Introduction Ubuntu is one of the most widely used Linux distributions worldwide. One of the most important tasks in system administration is to manage storage devices effectively. This is where Logical Volume Management (LVM) comes in. LVM is a flexible and easy-to-use system for managing storage devices in Ubuntu. In this article, we will discuss how to configure and manage storage devices in Ubuntu using LVM
What is LVM? Logical Volume Management (LVM) is a disk management system that allows you to create logical volumes that span across one or more physical volumes. With LVM, you can create, resize, delete, and move partitions on the fly, without requiring a system reboot. LVM also provides other features such as snapshots, thin provisioning, and mirroring that enhance the flexibility and reliability of your storage system.
LVM is included in the default installation of Ubuntu, so there is no need to install it separately. However, if for some reason it is not installed on your system, you can install it using the following command:
sudo apt-get install lvm2
Creating Physical Volumes
The first step in configuring LVM is to create physical volumes. Physical volumes are the underlying storage devices that LVM uses to create logical volumes. You can use any block device, such as a hard disk, SSD, or USB drive, as a physical volume.
To create a physical volume, use the following command:
sudo pvcreate /dev/sdb1
This command creates a physical volume using the device /dev/sdb1. You can create multiple physical volumes to increase the total available storage for LVM.
Creating Volume Groups
Once you have created one or more physical volumes, the next step is to create a volume group. A volume group is a collection of physical volumes that can be used to create logical volumes. You can create multiple volume groups, and each volume group can contain one or more physical volumes.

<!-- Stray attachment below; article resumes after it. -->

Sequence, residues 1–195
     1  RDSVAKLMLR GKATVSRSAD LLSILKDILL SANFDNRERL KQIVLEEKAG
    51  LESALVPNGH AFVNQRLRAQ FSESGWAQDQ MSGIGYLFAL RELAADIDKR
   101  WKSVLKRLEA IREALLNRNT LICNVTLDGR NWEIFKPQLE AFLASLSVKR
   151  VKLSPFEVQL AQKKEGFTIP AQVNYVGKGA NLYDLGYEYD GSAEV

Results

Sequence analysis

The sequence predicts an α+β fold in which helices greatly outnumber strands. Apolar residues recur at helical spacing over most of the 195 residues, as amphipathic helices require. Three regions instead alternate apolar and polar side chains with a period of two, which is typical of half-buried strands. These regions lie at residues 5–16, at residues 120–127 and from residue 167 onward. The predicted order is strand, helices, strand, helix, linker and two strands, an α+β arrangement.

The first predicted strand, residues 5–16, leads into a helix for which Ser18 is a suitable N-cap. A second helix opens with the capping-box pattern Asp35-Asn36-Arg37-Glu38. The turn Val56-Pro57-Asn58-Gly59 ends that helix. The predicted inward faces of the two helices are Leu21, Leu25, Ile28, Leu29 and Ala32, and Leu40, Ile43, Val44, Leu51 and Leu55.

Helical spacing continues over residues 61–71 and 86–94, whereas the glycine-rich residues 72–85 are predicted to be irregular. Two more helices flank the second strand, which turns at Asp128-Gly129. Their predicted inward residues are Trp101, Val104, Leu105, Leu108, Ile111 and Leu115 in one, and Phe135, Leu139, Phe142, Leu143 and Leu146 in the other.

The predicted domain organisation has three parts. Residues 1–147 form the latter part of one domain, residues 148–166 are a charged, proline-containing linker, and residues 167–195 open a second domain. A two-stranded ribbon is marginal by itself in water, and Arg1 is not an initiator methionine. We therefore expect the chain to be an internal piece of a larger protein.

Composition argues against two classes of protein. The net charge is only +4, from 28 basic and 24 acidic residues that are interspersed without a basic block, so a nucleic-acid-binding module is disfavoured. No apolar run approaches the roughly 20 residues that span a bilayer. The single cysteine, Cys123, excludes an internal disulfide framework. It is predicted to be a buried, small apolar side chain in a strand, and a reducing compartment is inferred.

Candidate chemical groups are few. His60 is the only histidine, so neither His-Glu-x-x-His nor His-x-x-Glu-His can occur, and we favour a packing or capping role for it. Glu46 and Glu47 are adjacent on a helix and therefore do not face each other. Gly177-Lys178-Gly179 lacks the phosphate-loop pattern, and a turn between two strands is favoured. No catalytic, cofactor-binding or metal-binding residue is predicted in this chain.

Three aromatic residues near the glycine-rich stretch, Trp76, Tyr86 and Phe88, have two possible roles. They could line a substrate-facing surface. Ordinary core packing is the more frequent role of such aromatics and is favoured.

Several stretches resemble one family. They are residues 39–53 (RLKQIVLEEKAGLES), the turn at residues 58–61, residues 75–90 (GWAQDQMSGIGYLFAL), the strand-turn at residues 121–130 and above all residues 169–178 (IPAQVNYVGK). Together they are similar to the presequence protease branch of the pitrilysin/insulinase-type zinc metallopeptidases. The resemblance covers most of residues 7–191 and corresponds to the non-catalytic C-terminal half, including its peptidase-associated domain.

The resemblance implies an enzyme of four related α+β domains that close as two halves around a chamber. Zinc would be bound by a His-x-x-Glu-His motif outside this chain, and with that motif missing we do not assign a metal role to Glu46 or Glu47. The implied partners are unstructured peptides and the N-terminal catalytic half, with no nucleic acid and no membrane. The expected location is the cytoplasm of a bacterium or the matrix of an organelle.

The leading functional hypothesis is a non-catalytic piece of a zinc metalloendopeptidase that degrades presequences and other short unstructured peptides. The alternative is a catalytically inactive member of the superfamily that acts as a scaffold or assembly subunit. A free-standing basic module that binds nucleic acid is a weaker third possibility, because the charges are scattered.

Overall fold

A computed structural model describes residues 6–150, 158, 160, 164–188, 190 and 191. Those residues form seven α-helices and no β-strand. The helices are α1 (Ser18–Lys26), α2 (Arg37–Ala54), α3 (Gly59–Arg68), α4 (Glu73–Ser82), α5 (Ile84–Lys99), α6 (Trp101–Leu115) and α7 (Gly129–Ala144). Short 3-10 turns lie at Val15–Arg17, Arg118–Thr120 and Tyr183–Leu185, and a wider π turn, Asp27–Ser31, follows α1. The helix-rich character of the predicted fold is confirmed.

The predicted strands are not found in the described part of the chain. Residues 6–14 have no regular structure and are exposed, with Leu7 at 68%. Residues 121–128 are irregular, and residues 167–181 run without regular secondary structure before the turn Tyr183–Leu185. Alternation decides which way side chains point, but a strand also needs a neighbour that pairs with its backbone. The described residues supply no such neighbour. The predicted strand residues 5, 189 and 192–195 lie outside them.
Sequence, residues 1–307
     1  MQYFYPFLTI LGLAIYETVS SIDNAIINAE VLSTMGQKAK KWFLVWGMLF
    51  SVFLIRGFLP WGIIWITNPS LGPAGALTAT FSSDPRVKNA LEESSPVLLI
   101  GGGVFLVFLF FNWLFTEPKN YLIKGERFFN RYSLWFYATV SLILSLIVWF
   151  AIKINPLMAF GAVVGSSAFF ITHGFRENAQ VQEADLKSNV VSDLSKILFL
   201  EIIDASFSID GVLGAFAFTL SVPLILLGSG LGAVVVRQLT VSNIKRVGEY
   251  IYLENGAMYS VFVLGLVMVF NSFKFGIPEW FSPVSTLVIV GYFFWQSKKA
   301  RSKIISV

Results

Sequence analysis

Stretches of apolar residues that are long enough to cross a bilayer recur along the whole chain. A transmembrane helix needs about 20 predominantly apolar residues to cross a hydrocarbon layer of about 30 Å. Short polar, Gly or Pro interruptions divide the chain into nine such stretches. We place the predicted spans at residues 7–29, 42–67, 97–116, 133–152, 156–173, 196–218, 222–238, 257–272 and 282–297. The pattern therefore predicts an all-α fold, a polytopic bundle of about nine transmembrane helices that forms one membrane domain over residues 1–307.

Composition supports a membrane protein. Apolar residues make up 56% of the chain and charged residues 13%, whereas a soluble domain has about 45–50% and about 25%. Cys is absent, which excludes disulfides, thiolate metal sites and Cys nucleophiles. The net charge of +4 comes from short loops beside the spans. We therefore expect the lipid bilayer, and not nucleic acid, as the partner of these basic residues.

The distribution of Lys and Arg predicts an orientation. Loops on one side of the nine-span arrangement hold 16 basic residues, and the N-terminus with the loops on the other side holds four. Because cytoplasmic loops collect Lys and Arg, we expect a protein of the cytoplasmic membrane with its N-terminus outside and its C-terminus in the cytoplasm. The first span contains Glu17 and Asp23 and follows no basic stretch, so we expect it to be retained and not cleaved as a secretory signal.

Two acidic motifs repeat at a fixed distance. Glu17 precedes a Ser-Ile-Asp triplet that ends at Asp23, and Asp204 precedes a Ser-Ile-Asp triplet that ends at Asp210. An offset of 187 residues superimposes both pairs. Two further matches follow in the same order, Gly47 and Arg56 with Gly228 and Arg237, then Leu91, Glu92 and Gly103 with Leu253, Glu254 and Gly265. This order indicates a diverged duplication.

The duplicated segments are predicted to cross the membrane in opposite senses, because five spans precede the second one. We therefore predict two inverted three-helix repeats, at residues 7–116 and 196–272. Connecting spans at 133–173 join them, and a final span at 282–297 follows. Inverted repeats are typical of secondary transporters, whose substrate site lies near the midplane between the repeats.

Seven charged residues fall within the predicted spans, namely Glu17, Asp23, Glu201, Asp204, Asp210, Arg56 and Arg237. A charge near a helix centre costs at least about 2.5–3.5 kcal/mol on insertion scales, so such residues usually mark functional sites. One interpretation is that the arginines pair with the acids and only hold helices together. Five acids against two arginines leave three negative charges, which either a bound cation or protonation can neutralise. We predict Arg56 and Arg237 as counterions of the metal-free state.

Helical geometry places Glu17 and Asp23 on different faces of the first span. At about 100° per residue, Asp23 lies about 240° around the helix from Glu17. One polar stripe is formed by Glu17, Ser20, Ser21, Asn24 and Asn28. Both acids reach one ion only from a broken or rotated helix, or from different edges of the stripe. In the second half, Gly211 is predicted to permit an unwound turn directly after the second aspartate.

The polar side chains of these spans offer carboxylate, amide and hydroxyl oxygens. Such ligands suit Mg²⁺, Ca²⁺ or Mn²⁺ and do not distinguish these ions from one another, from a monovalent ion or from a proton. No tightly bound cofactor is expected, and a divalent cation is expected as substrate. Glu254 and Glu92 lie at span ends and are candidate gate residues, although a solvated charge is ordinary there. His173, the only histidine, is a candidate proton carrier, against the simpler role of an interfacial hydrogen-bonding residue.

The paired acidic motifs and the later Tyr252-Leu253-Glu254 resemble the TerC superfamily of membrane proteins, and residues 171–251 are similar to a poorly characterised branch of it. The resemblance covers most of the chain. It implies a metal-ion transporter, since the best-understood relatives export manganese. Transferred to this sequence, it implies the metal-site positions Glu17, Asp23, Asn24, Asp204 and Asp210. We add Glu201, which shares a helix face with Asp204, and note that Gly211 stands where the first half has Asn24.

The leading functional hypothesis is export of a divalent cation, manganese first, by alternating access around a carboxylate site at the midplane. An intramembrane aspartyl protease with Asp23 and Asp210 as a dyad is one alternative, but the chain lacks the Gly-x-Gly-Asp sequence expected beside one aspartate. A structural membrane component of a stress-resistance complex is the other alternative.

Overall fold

To create a volume group, use the following command:
sudo vgcreate myvg /dev/sdb1
This command creates a volume group named “myvg” using the physical volume /dev/sdb1. You can add additional physical volumes to the volume group by specifying their device paths in the command.
Creating Logical Volumes
Once you have created a volume group, you can create logical volumes that can be mounted as regular file systems. Logical volumes can be resized on the fly, making it easy to add or remove storage capacity as needed.
To create a logical volume, use the following command:
sudo lvcreate -L 10G -n mylv myvg
This command creates a logical volume named “mylv” with a size of 10GB in the volume group “myvg”. You can specify the size of the logical volume using the -L option, and you can specify the name of the logical volume using the -n option.
Mounting Logical Volumes
Once you have created a logical volume, you can mount it as a regular file system using the mount command. For example, if you created a logical volume named “mylv” in the volume group “myvg”, you can mount it using the following command:
sudo mount /dev/myvg/mylv /mnt/mylv
This command mounts the logical volume at /mnt/mylv. You can replace “/mnt/mylv” with any other directory that you want to use to mount the logical volume.
LVM is a powerful and flexible system for managing storage devices in Ubuntu. With LVM, you can easily create and manage logical volumes, resize them on the fly, and add or remove physical volumes as needed. By following the steps outlined in this article, you can